Introducing a nutritional risk screening tool in a South African hospital
Background Nutritional screening facilitates the early identification of hospitalised children at risk of malnutrition. Screening tools have scarcely been evaluated in the developing world where the burden of malnutrition is greatest.
Methods A retrospective study was undertaken of 113 patients admitted to the general paediatric wards at Rahima Moosa Mother and Child Hospital in Johannesburg, South Africa. Children 6 months to 14 years old were screened for malnutrition using anthropometry and correlating WHO z-scores, and retrospectively assessed for nutritional risk using a modified STAMP (mSTAMP).
Results The mSTAMP identified additional patients at nutritional risk. The majority (87%) of children with normal anthropometry scored as medium and high risk using the mSTAMP. Weight loss and length of hospital stay (LOS) were higher in medium and high risk groups: One (5%) low risk child lost weight, compared with 8 (38%) medium and 12 (57%) high risk children (p = 0.021). Low risk children had a median LOS of two and half days (IQR 1–8) compared with medium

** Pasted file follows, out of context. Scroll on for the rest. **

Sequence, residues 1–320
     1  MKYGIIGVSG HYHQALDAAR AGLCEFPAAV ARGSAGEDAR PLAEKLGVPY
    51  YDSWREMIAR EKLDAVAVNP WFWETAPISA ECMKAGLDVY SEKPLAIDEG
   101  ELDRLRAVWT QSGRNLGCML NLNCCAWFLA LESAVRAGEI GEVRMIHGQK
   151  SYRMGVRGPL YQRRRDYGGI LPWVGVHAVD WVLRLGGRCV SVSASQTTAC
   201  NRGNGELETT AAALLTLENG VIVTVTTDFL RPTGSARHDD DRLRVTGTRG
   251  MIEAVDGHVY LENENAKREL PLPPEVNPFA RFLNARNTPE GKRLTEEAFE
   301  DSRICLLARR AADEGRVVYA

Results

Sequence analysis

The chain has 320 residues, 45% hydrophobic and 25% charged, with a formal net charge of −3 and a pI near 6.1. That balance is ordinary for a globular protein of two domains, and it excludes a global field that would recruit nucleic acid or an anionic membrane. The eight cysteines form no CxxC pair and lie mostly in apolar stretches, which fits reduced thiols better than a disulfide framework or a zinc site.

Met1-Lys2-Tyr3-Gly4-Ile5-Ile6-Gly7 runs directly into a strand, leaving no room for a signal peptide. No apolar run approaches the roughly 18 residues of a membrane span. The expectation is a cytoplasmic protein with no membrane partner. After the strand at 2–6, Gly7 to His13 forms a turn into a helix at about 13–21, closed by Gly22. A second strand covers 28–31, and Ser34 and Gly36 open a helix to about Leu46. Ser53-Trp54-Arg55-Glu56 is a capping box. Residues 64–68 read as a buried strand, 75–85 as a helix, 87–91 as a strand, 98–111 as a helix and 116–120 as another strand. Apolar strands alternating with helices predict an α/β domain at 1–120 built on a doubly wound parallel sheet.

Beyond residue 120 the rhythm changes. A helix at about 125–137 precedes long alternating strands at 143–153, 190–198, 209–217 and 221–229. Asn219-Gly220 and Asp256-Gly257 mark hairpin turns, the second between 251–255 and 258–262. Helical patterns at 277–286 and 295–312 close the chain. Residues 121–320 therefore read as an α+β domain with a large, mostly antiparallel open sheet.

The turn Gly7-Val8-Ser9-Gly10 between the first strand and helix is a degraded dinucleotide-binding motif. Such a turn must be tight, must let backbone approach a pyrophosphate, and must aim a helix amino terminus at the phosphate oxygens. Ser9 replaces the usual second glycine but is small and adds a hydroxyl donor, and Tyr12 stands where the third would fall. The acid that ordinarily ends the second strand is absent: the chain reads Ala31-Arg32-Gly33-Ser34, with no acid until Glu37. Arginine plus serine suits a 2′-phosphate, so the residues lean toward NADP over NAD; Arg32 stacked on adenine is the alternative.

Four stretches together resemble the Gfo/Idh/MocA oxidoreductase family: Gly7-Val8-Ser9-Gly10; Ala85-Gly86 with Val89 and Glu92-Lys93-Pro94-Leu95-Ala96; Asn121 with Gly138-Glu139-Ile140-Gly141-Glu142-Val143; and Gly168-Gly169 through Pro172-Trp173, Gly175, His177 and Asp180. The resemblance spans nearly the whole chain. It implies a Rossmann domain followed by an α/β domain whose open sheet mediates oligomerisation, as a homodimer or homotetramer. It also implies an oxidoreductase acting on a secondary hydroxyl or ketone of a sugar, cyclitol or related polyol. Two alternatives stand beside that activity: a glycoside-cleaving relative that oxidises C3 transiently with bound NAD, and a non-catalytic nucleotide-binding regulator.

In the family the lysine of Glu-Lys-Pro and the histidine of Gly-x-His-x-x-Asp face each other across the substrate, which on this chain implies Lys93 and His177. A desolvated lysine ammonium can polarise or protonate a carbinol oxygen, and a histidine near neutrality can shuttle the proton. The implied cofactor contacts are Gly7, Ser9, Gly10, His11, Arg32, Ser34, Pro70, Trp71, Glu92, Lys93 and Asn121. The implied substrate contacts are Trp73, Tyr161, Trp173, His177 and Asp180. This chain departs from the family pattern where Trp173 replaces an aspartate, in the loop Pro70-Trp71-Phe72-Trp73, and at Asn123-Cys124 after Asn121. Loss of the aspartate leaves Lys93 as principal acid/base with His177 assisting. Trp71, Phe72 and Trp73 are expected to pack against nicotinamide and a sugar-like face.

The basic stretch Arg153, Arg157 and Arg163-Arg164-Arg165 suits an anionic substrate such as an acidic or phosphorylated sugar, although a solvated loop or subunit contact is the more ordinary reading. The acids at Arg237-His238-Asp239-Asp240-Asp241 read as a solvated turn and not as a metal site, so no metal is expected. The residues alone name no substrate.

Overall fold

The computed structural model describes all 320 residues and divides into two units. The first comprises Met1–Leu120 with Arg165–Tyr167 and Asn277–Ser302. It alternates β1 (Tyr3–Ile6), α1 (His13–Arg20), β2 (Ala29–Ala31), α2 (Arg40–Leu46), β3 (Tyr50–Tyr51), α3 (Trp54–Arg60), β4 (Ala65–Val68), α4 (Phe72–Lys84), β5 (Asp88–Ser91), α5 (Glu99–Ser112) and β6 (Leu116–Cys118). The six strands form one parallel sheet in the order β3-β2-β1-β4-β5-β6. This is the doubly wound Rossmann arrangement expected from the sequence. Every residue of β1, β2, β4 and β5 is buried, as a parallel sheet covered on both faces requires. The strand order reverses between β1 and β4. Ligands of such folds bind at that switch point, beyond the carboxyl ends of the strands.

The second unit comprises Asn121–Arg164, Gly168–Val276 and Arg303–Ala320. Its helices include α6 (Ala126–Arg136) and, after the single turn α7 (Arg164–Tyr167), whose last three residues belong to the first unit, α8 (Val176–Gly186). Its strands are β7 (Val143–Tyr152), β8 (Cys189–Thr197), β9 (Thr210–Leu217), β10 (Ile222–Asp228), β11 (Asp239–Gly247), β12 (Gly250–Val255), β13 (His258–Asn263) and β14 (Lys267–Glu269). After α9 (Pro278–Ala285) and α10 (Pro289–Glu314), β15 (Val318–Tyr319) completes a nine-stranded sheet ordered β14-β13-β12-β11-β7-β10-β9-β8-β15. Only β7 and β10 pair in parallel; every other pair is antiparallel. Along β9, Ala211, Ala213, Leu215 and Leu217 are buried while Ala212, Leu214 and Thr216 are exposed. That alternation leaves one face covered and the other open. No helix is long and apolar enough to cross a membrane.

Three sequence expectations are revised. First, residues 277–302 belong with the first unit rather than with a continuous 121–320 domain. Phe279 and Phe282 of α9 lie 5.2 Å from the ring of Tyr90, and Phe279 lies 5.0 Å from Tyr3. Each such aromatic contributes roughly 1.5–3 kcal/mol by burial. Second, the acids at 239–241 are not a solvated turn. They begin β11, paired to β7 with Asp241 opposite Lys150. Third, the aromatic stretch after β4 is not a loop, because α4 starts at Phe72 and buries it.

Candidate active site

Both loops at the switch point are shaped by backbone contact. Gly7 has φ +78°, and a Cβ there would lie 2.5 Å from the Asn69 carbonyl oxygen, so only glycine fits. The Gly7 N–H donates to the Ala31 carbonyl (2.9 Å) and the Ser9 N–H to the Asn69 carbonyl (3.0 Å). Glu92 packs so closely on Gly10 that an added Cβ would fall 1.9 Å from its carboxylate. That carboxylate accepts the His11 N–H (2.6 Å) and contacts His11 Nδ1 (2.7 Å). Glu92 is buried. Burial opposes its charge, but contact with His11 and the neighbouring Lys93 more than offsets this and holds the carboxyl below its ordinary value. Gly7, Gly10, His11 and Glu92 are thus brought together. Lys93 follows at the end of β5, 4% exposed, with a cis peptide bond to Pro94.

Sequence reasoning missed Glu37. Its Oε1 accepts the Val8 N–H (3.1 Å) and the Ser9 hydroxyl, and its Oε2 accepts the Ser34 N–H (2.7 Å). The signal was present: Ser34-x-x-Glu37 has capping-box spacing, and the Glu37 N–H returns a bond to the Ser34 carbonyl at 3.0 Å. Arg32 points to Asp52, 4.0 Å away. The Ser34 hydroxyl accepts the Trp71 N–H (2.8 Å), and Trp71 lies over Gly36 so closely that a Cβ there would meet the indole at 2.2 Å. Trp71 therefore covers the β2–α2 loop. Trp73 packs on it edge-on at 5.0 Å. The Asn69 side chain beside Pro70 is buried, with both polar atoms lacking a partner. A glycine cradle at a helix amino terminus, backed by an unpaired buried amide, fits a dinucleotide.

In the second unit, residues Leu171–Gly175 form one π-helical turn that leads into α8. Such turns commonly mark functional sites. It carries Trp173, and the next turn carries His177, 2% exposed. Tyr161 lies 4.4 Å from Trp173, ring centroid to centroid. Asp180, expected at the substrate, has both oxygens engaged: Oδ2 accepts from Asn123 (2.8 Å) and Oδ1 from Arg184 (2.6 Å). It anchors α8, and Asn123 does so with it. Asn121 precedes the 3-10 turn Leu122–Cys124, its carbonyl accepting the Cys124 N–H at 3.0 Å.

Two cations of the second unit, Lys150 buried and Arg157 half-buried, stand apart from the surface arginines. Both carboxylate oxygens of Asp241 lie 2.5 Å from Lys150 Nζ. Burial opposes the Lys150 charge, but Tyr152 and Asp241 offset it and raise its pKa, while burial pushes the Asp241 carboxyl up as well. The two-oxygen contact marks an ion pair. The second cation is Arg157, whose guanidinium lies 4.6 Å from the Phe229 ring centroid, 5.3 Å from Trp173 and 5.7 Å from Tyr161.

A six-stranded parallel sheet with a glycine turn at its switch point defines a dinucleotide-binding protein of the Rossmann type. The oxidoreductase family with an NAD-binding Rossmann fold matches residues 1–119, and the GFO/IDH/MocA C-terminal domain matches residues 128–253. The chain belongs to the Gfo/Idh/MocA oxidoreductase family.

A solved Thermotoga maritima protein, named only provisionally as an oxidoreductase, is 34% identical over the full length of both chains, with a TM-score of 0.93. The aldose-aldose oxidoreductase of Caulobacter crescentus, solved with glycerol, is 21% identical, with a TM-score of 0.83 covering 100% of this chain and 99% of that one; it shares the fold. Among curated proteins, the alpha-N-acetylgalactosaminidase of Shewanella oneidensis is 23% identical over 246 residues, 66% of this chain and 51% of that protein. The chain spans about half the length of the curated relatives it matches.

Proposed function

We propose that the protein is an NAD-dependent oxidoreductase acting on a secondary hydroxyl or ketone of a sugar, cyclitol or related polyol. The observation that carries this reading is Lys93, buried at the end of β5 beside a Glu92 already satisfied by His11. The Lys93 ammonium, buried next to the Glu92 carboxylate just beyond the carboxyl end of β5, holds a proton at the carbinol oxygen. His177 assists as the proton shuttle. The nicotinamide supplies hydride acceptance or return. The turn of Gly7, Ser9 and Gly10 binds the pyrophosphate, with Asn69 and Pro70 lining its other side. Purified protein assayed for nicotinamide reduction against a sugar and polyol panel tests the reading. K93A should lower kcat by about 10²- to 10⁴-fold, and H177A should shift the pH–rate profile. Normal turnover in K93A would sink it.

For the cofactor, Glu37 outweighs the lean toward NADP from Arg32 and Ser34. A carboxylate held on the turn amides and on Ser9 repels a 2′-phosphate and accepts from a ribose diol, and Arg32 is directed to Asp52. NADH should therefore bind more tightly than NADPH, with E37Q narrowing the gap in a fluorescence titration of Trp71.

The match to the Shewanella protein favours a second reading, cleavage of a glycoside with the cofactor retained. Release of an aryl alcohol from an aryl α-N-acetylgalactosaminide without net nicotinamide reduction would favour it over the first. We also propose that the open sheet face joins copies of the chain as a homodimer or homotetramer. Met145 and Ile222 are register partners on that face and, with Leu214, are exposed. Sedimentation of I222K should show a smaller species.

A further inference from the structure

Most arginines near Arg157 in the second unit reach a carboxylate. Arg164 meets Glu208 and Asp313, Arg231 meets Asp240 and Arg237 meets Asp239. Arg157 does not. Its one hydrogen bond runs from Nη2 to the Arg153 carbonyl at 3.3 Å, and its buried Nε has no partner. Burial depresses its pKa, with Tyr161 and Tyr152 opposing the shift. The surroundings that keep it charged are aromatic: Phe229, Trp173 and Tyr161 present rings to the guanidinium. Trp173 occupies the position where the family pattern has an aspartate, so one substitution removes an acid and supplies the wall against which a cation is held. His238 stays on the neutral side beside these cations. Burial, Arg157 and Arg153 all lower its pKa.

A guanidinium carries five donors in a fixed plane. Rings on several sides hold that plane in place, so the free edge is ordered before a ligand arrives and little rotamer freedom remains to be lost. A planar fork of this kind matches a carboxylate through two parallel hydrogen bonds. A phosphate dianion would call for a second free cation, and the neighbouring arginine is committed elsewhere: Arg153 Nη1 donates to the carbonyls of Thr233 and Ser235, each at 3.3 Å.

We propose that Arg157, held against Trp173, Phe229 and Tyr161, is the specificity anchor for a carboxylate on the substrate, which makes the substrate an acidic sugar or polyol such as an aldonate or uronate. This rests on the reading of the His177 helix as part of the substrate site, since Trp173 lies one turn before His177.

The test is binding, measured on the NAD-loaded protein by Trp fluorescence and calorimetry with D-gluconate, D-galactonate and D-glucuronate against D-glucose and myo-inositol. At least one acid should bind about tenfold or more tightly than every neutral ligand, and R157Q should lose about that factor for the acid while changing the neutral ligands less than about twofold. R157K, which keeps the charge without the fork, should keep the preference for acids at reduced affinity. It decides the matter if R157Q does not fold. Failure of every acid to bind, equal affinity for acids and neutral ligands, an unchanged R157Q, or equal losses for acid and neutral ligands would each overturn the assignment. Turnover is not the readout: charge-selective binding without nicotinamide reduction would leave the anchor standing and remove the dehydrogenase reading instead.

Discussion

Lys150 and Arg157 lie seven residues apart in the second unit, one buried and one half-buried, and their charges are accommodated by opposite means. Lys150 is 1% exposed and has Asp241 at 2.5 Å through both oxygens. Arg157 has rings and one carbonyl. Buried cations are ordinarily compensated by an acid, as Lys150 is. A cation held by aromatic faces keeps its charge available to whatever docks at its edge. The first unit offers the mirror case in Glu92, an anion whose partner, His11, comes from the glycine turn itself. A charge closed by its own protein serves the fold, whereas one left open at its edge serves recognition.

and high risk groups, with medians of three (IQR 3–8) and six (IQR 4–9) days respectively (p = 0.04).
Conclusion The mSTAMP identified more children at risk of malnutrition who may not have been considered for nutritional therapy during the hospital stay using anthropometry screening alone. There is a place for nutritional risk screening in
developing world settings, but tools may need to be modified locally. Further studies and validation of these tools in sub-Saharan Africa seem prudent and may result in improved nutrition and outcomes of hospitalised children.
Keywords : malnutrition, nutritional risk screening tools, sub-saharan Africa
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